As we journey through the book of Leviticus we will find many examples that God left no area of life untouched by His call to worship. He prescribed many laws for the purpose of making sure that the land where He would dwell with His people was clean. Clean living was not primarily so that God’s people could avoid disease and disaster, but rather so that they could be enabled to walk with God. This raises another important observation: The call to worship was not only a call to communion but was also a call to new categories of thinking. So is the call to follow Christ.
One reason perhaps that we find the book of Leviticus so frustrating is that it addresses areas that seem so mundane and, in many cases, unfamiliar. After all, when we think of worship we are tempted to think of things “religious.” We think of hymns, prayers, Bible reading, offerings, etc. But though Leviticus begins with seven chapters dealing with offerings and then several chapters describing the rules and functions of the priesthood, it soon begins to speak about clean and unclean animals, a woman’s menstrual cycle, childbirth, the presence and removal of mildew, matters of sexuality, the planting and harvesting of crops, issues of slavery, issues of economics, issues of criminal justice, etc. We are tempted to think, what on earth is “spiritual” or “religious” about these things? But that is precisely the question to ask!
You see, when God calls us to worship, He calls us to a completely new worldview in which everything in life is to be undertaken with a view to His lordship. God’s call to worship is a call for us to establish new categories of thinking, and thus it is a call to a new way of living. We call this a worldview. And to the degree that our worldview is informed by the categories of Scripture, to such a degree all of our life will be lived as worship (a bowing to the will of God).
What then is a “worldview”? Francis Schaeffer described a worldview as “the grid through which one sees the world.” Think of a pair of glasses. Depending on the lens, the world around you may seem larger, smaller, tinted or even obscured. A worldview is like that.
Our ground-floor assumptions compose our worldview. Charles Colson and Nancy Pearcey define a worldview as “the sum total of our beliefs about the world, the ‘Big Picture’ that directs our daily decisions and actions.”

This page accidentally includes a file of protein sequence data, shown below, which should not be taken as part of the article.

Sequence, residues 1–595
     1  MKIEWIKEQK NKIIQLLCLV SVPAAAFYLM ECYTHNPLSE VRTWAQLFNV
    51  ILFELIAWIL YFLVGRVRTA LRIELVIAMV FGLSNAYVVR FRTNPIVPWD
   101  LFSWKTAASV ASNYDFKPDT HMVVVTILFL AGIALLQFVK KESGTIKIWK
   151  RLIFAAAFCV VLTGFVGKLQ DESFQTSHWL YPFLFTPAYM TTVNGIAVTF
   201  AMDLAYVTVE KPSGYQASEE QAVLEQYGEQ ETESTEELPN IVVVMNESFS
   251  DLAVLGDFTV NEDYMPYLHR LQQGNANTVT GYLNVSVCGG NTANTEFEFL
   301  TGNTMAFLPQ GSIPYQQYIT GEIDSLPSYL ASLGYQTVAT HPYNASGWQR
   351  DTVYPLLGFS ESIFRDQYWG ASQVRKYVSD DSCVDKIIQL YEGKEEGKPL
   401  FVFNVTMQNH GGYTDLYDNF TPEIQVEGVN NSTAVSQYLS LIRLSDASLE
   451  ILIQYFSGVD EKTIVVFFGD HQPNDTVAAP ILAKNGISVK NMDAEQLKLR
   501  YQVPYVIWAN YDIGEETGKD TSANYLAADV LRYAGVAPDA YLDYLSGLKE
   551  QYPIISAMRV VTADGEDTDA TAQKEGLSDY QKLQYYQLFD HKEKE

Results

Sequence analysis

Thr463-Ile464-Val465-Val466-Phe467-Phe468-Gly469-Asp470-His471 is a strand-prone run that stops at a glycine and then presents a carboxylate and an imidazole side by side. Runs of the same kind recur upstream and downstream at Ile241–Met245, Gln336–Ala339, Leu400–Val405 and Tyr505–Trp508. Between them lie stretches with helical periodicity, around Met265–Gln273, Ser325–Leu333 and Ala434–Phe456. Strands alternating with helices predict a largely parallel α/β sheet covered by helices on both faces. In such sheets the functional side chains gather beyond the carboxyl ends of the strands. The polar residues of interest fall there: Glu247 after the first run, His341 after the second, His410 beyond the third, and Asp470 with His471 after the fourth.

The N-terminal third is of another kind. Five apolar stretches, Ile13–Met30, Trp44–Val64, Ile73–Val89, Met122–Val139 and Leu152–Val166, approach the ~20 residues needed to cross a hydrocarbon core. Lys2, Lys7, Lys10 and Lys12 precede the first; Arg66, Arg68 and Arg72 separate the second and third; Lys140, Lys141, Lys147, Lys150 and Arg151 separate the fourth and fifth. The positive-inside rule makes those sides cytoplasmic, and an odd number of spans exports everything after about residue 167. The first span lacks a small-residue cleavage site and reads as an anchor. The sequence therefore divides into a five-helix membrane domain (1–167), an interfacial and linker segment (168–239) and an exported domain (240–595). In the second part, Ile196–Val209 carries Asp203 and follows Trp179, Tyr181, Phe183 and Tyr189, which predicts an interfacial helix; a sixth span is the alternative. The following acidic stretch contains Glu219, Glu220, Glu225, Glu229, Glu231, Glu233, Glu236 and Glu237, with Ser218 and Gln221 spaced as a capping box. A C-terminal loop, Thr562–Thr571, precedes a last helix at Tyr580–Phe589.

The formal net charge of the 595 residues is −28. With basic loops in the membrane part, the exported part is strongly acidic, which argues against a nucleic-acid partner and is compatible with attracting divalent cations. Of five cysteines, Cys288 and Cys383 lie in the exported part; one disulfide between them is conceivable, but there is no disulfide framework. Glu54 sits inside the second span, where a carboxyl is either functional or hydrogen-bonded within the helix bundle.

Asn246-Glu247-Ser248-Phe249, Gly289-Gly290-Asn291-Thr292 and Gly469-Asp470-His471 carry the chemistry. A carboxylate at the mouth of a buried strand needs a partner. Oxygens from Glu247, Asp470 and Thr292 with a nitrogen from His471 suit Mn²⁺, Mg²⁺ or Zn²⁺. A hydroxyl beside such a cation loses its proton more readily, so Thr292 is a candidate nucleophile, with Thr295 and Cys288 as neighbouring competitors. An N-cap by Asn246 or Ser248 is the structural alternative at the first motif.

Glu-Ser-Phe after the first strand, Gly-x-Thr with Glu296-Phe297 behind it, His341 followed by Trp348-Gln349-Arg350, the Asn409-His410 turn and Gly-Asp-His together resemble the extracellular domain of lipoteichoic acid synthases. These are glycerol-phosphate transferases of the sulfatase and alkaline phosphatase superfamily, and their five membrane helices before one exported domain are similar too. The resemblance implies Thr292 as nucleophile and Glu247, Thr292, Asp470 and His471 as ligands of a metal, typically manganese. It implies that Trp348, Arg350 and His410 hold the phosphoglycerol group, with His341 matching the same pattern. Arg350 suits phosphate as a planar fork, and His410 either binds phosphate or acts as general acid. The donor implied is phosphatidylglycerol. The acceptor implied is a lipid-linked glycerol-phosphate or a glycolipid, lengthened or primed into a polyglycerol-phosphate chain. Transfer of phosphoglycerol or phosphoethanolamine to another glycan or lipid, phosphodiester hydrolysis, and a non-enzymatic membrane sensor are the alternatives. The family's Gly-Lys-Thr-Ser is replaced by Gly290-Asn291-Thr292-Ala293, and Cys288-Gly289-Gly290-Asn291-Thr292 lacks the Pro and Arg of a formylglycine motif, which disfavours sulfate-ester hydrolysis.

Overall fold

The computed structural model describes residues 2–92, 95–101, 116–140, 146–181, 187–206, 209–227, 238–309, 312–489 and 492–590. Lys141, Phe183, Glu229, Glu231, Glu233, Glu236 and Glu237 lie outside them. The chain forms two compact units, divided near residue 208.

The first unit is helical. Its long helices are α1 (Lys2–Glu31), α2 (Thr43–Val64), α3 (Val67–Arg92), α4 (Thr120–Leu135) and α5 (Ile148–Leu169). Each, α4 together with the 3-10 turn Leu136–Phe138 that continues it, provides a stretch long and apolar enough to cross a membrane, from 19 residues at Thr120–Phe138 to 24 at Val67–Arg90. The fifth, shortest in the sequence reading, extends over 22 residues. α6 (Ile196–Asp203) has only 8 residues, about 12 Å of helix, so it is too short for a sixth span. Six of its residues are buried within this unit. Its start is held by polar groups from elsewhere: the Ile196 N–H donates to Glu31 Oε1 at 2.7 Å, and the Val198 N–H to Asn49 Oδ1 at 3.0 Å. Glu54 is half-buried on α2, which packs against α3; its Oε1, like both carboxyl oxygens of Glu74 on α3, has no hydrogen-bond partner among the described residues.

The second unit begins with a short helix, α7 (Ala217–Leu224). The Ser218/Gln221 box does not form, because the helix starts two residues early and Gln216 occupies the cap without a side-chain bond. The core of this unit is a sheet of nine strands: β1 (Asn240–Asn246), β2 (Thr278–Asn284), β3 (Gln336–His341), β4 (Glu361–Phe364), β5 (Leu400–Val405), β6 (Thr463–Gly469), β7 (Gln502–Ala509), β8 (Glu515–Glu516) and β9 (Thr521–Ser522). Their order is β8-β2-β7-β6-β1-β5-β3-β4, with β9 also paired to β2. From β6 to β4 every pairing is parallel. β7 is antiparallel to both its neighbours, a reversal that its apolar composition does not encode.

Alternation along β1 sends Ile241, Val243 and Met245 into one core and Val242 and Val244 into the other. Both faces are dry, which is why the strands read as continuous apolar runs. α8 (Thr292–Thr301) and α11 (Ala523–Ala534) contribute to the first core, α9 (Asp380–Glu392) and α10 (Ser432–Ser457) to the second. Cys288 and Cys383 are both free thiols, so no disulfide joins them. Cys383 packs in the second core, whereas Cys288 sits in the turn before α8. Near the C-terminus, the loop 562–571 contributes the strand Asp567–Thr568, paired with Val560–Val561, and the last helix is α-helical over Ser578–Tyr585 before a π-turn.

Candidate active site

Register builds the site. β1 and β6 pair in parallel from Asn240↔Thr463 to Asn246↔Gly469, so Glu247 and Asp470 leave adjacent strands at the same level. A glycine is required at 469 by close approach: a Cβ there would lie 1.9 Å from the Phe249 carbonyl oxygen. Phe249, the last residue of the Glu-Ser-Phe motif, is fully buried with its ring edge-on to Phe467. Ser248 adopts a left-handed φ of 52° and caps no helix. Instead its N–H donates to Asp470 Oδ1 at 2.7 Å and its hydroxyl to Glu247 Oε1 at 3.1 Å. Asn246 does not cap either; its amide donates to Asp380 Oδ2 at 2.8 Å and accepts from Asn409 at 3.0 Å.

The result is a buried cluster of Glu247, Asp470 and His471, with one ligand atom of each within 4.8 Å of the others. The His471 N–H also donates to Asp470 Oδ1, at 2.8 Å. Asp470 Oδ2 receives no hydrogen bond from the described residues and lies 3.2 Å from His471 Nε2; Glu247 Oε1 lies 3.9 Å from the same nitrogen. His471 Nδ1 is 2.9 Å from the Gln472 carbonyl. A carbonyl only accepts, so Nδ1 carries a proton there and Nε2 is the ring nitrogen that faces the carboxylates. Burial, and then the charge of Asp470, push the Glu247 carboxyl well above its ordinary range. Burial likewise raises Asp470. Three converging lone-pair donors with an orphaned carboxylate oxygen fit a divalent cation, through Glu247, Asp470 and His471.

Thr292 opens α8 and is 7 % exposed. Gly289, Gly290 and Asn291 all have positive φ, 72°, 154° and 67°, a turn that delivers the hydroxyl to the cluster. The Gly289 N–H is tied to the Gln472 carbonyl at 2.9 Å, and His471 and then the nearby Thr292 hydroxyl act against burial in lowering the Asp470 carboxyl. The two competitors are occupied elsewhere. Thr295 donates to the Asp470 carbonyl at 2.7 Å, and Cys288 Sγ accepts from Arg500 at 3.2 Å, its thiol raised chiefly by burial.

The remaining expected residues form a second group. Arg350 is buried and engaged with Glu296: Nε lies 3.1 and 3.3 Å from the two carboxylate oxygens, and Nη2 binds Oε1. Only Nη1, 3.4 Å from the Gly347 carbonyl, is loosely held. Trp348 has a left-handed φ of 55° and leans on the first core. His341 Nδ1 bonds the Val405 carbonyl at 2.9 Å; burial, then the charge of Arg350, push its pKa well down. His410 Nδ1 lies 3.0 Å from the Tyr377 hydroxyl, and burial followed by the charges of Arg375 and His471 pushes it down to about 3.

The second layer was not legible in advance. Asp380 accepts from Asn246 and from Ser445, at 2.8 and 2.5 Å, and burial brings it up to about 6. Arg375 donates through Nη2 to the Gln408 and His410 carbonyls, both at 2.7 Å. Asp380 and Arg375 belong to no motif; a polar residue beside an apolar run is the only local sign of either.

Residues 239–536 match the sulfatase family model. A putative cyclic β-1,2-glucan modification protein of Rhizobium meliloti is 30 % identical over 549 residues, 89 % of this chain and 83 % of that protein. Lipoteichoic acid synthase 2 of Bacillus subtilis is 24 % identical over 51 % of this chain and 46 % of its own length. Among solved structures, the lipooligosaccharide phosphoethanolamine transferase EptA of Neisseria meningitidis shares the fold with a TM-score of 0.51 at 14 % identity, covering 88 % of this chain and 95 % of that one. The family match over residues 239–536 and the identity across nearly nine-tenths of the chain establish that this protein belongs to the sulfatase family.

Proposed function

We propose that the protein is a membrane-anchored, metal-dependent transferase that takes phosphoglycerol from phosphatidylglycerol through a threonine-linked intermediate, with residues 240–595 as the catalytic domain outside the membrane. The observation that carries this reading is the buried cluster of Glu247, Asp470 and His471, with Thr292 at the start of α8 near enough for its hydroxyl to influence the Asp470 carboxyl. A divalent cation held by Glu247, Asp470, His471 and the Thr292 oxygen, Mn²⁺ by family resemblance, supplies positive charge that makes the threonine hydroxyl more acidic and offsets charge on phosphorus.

Everyone has a worldview. Everyone has basic assumptions by which they interpret the world around them. Everyone makes decisions (whether they know it or not) motivated by how they think of reality. We make decisions based on our view of God (and whether there is one), truth, knowledge and ethics. We could put it this way: Belief determines behaviour. Conversely, one’s behaviour reveals ones beliefs.
Leviticus is a book that emphasises behaviour because it is an expression of what God expects His people to believe. In other words, if they believe God as He has revealed Himself in His Word, they will behave as God commands them to. But if they fail to respond to God as He is, they will be selective with respect to their obedience to that revelation. And this certainly has implications for us.
When the Lord graciously called us to Himself by His Spirit through His Son He was calling us to a life in which His Scriptures would inform and shape every area of our life. We are called to comprehensively obey the Lord. No area of life is to be treated as “secular.” There is no area of “neutrality” for the Christian. Our worldview is to be God-informed and God-centred; it is to be God-shaped. This matter of a Christian worldview is so essential that Voddie Baucham has said, “A church filled with people who lack a biblical worldview is no church at all.”
How is yours? My prayer is that our study of Leviticus will be used of God to further solidify and shape our worldview in such a way that radical shifts in how we behave in every area will take place. God’s glory deserves it and the good of our own souls and those of our family and church demands it. And so does the good of a lost and dying world.